Baptism

From Sunday:

The people were filled with expectation,
and all were asking in their hearts
whether John might be the Christ.
John answered them all, saying,
“I am baptizing you with water,
but one mightier than I is coming.
I am not worthy to loosen the thongs of his sandals.
He will baptize you with the Holy Spirit and fire.”

After all the people had been baptized
and Jesus also had been baptized and was praying,
heaven was opened and the Holy Spirit descended upon him
in bodily form like a dove.
And a voice came from heaven,
“You are my beloved Son;
with you I am well pleased.”

I have never been baptized. The church I was raised in — the Worldwide Church of God (WCG) — taught that baptism was a ritual only for adults.

It’s not surprising: the WCG guarded the gates carefully. To get invited to church, on had to show some real persistence. To be baptized, one had to be living a “Godly” life. The church itself took the prerogative in defining this “holiness.” Though it liked to claim everything came from the Bible, the theology was twisted into unrecognizable shapes by the time it got to us, so holiness meant things like paying tithes, not celebrating Christmas, getting all the leaven out of your house once a year, not smoking, and a thousand other examples of pettiness.

Whenever one of my church friends or acquaintances announced he or she was getting baptized, it seemed like the end for our friendship. After baptism, they were entering a whole new league, and we were often encouraged to see the baptized young adults as true adults, while we unbaptized dilly dallied in sin.

Because it was such a momentousness step, I never considered it. Not once. The thought never entered my mind, and that is yet another in a long line of “proofs” that I never really believed any of it to begin with.

As an atheist, I once took pride in that simple fact. “I’ve never been baptized, and I never will be,” I declared.

I still remain doubtful on some days — and I mean that “doubtful” in every conceivable way. I pray occasionally; I go to Mass with my wife; I read. And through it all, I have little idea what to expect.

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4 thoughts on “Baptism

  1. Jared Olar says:

    I did believe it, most sincerely and wholeheartedly. Believing baptism to be of the greatest significance, I approached it carefully and piously, taking almost a year of “baptismal counseling” to be sure I really was repentant and willing to commit to do God’s will (as the WCG understood it).

    Though the WCG teaching on baptism had certain important things in common with the Christian teaching, the big difference regarding “adult believer baptism” shouldn’t be downplayed. When you think baptism is only for mature teens or adults, it implies that you have a vastly different concept of what baptism is and what it accomplishes than has historically been held by the majority of Christians. In the Church, everyone is baptised soon after they are born, except for those who convert later in life: as a result, there isn’t any sort of “caste system” such as you described, between the baptised and the unbaptised (or not yet baptised). I’ve also come to see the advantage of bringing people to baptism early in life and giving them years of exposure to the Gospel, instead of letting them grow up “outside” and hoping when they grow up they’ll ask to come inside.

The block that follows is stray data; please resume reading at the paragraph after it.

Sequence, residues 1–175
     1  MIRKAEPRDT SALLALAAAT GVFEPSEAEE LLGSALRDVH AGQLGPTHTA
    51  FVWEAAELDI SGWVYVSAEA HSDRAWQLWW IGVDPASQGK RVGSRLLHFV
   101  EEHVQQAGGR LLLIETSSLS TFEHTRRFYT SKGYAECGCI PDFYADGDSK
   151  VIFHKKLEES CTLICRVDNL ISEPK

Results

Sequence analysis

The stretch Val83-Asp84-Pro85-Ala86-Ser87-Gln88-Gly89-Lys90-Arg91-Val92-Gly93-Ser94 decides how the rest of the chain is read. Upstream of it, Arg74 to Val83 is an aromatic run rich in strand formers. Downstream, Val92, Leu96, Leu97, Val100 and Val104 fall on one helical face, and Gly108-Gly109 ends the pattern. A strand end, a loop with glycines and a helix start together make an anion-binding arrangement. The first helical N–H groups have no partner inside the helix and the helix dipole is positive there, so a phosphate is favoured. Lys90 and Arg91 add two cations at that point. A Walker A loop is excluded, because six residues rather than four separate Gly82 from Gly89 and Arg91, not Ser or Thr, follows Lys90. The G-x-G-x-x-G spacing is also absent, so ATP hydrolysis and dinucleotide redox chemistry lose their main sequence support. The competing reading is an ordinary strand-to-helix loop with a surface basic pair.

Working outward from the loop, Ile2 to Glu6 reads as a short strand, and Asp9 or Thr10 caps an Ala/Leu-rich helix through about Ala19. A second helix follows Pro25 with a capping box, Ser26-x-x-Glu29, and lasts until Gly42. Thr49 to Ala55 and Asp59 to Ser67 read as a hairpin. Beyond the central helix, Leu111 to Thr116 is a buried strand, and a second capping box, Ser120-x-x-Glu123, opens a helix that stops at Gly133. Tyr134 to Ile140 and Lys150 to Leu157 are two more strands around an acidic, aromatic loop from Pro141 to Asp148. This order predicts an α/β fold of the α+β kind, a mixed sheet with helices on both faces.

2. Chris Rodriguez says:

    Hello itch. This reminds me of something C.S. Lewis wrote: “Now that I am a Christian I do have moods in which the whole thing looks very improbable. But when I was an atheist, I had moods in which Christianity looked terribly probable. This rebellion of your moods against your real self is going to come anyway. That is why Faith is such a necessary virtue: unless you teach your moods where they get off, you can never be either a sound Christian or even a sound atheist, but just a creature dithering to and fro, with its beliefs really dependent on the weather and the state of its digestion. Consequently one must train the habit of Faith.” – Mere Christianity

    I have my days of doubting. Its mostly one philosophical conundrum or other. I’ve worked through materialism, idealism and solipsism. Through all of it, I return to my faith in God. There are beauties there (in my catholic faith), which my soul cannot deny. I’d recommend one good read: Orthodoxy by G.K. Chesterton.

    Continue the search!

    • The Itch says:

      Thank you for the recommendation. I’ll definitely put it on my list.

      There is definitely something to the idea of exercising faith as if it were a muscle to be strengthened. As an atheist (and here comes the hard part: what tense do I use, for I still don’t consider myself a theist — I’ll go with past tense), I always considered that aspect of faith to be a sure sign of the futility of it all. “If God really exists” and all that. But there is a beauty I see in it now. I tell my students: nothing worth having comes easily. I’m beginning to live in that realization myself.

  3. […] Then along comes Mr. Rodriguez, carrying words of the great twentieth-century apologist, C. S. Lewis: Now that I am a Christian I do have moods in which the whole thing looks very improbable. But when I was an atheist, I had moods in which Christianity looked terribly probable. This rebellion of your moods against your real self is going to come anyway. That is why Faith is such a necessary virtue: unless you teach your moods where they get off, you can never be either a sound Christian or even a sound atheist, but just a creature dithering to and fro, with its beliefs really dependent on the weather and the state of its digestion. Consequently one must train the habit of Faith. (Christ Rodriguez) […]

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